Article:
Frightened, she tried to hit the emergency bell, but the GI grabbed her wrist to stop her. He then ran off. Or so it is alleged.

The whole incident took 10 seconds.

Fortunately, police were able to use the CCTV footage to identify the (allegedly) pervy perp. When questioned by the cops, he strongly denied the charges, but when confronted with the CCTV footage, he exercised his right to silence. Or so it be reported.

After questioning, he was handed over to the American MPs. Police will continue to investigate.

UPDATE: The Dong-A’s TV channel has some video footage of the perp, but sadly not the CCTV footage.

UPDATE 2: And here’s the CCTV footage (God bless the Chosun Ilbo).

USFK contractor arrested for threatening Korean motorist with a knife / Osan MPs allowed to leave Korea

A Korean-American chopper mechanic working for USFK has been arrested by Pyeongtaek police after he allegedly threatened a Korean motorist with a fishing knife (HT to Charles Reeder).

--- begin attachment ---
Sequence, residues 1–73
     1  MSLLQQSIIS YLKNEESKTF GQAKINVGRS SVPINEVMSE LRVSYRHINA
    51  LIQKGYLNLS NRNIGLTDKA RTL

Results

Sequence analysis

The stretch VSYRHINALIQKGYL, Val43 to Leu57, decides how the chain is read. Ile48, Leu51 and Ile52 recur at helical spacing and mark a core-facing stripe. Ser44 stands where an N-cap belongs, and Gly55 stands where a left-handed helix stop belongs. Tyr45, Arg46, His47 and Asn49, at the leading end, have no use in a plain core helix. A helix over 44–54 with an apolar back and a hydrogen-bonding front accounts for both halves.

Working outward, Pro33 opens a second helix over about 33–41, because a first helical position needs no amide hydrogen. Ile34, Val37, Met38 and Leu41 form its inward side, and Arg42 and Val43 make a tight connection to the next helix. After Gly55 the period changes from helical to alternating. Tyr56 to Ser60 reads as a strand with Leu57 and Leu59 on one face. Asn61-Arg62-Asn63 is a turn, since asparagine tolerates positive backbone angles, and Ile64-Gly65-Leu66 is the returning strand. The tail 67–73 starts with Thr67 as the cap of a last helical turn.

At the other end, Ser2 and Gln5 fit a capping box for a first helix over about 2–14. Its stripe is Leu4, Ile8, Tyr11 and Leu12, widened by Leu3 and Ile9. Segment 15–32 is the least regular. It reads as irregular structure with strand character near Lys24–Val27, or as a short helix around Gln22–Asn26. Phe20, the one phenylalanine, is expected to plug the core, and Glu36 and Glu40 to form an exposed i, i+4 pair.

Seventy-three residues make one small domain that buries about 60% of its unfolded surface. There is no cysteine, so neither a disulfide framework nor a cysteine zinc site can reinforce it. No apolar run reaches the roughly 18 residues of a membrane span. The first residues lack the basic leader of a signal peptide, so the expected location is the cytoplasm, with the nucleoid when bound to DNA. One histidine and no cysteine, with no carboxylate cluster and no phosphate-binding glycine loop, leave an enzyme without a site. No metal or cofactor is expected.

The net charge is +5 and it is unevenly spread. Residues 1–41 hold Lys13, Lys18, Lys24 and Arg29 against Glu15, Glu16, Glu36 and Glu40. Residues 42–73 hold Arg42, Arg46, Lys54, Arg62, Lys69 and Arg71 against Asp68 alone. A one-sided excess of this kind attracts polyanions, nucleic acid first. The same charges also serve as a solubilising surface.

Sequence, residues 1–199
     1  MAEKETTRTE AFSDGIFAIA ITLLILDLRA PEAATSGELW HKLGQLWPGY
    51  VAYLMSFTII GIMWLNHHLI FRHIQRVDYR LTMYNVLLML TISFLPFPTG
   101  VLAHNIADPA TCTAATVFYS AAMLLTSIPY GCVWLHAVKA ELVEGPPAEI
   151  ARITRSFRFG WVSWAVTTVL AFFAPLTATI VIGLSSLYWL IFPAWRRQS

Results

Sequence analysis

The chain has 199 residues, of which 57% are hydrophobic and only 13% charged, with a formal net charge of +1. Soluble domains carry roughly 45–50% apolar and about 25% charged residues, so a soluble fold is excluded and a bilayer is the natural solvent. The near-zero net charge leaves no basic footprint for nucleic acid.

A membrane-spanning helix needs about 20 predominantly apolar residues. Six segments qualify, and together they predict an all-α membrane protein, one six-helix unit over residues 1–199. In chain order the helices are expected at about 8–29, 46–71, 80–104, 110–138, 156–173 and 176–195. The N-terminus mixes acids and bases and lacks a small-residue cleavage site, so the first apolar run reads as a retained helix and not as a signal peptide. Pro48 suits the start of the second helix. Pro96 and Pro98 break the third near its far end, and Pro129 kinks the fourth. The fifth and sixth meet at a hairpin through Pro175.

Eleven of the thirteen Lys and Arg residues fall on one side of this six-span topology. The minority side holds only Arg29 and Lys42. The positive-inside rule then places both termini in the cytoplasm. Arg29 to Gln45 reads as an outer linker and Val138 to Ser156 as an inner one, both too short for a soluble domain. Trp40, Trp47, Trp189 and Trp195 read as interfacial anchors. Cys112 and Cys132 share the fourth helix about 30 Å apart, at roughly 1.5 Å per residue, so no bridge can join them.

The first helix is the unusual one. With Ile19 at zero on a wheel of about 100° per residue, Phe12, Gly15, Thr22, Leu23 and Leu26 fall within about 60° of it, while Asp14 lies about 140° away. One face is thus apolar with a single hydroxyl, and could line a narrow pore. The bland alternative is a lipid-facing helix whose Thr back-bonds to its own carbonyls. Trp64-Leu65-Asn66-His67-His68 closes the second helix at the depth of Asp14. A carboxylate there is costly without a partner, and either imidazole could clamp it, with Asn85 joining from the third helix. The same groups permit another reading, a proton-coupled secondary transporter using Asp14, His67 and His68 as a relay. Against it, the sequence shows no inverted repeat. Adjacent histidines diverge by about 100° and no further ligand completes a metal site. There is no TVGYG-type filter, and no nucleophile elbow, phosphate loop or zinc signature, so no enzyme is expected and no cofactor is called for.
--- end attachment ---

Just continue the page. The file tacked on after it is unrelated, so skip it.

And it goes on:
According to the cops, the suspect—identified as Mr. J (48)—nearly hit the car of a one Mr. Choe (42) on the road near Oseong IC.

J stopped his car and got into an argument with Choe. Unable to control his anger, J got out of his car, took out a fishing knife from his trunk, and waved it several times at Choe through the half-open passenger-side window, curing as he did so.

Feeling threatened, Choe tried to pull away, but J gave chase, scratching Choe’s car with his knife twice.

Choe then got out of his car, picked up a rock and protested, “What’s your problem? I’m a Korean cop.” At which point J fled.

Or so it has been “confirmed,” says Yonhap, quoting mostly from the police.